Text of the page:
This commentary originally appeared on The Hill.
House Speaker Paul Ryan (R-Wis.) is the second most powerful figure in American government. Having worked for the House Democratic leadership under Speakers beginning with Tip O'Neill, I know better than many the balancing act Ryan must achieve between the interests of our country, the Republican Party, and his House Republican Conference.
Ryan has had a Trump problem for many months, but when Donald Trump said in Wednesday's presidential debate that he was not ready to state whether he would accept the results of the election, he was precipitating a major crisis for Ryan and other Republicans in the House and Senate.
Ryan is a highly principled conservative faced with a nominee who repeatedly violates core principles of true conservatism. He is a genuinely serious man trapped by his party's standard-bearer, who regularly says things that are neither true nor serious. He is a man of deep faith confronted by a presidential candidate who appears on tape bragging that he committed sexual aggression that is anathema to all religions, whose defense is that he was lying when he bragged about abusing women.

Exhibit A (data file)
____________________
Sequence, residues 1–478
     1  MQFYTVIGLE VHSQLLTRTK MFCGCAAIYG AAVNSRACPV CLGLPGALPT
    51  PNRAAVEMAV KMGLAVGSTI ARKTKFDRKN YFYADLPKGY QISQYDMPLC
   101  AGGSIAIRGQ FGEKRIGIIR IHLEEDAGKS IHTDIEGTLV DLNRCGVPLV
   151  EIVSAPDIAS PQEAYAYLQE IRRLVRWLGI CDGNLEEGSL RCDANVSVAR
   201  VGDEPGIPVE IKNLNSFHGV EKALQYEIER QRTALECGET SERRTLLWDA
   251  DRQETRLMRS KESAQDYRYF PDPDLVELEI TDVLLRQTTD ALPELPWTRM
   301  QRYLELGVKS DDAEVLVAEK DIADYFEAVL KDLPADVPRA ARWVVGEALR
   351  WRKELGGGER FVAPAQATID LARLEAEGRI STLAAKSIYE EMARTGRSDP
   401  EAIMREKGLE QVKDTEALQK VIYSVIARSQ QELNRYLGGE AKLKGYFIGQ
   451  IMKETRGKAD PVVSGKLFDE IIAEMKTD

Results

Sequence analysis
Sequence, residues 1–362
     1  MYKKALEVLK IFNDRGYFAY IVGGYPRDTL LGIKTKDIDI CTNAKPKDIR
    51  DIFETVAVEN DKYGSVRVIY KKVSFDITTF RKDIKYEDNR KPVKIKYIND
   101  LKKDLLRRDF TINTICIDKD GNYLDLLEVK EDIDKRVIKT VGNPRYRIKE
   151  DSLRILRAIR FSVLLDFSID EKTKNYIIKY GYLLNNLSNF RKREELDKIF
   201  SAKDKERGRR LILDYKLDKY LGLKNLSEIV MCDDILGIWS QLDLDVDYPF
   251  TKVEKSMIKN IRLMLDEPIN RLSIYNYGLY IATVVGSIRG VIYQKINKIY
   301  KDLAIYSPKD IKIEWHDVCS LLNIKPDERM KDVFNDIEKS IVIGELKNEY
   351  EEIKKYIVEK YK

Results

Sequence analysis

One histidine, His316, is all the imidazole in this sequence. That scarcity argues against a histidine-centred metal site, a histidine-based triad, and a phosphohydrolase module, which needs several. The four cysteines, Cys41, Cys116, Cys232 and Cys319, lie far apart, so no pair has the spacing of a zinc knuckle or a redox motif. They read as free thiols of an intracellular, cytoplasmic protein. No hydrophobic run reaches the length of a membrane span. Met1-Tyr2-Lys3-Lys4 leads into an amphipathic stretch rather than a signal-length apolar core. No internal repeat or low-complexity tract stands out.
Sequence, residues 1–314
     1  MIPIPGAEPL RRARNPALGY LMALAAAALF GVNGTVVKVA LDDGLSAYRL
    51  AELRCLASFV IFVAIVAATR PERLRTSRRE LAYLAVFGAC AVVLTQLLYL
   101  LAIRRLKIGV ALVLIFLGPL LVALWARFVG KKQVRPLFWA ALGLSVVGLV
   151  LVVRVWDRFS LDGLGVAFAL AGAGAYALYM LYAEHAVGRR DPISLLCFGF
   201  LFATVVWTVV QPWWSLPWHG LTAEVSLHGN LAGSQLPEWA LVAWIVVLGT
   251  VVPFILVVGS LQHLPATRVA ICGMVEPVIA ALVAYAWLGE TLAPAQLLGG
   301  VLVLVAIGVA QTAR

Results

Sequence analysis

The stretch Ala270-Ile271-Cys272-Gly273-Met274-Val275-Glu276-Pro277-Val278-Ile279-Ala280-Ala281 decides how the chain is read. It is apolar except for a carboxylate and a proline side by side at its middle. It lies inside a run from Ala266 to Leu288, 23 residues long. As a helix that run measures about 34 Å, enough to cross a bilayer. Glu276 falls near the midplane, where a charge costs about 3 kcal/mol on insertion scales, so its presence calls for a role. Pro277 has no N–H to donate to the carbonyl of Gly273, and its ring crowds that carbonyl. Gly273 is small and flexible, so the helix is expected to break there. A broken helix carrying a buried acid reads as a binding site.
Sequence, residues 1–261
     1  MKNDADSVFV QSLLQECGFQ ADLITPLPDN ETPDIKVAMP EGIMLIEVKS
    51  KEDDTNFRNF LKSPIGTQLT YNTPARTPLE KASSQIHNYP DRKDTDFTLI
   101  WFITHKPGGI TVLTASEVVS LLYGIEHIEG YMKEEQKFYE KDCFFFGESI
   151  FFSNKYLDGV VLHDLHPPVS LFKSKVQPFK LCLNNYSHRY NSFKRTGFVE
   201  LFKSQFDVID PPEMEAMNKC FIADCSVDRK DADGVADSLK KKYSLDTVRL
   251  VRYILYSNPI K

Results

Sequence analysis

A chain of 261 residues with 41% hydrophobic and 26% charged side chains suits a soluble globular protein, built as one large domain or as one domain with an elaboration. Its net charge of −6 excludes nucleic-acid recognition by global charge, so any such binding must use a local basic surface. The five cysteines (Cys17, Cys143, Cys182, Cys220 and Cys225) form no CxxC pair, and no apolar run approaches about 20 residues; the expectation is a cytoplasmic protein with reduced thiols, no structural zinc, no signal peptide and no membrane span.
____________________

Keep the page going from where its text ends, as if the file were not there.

Considering the competing interests he must juggle as Speaker, in my view Ryan has acted intelligently and honorably up to this point. He has made his doubts about Donald Trump clear, refused to defend Trump on matters he finds disagreeable or reprehensible, and said that he will vote for the nominee of his party to be president.
It is easy for columnists and editorial boards to demand that Ryan completely renounce Trump and announce he cannot in conscience vote for him. But it is excruciatingly hard for a Speaker to go against a presidential nominee of his own party as the presidency, control of both houses of Congress and a Supreme Court majority hang in the balance.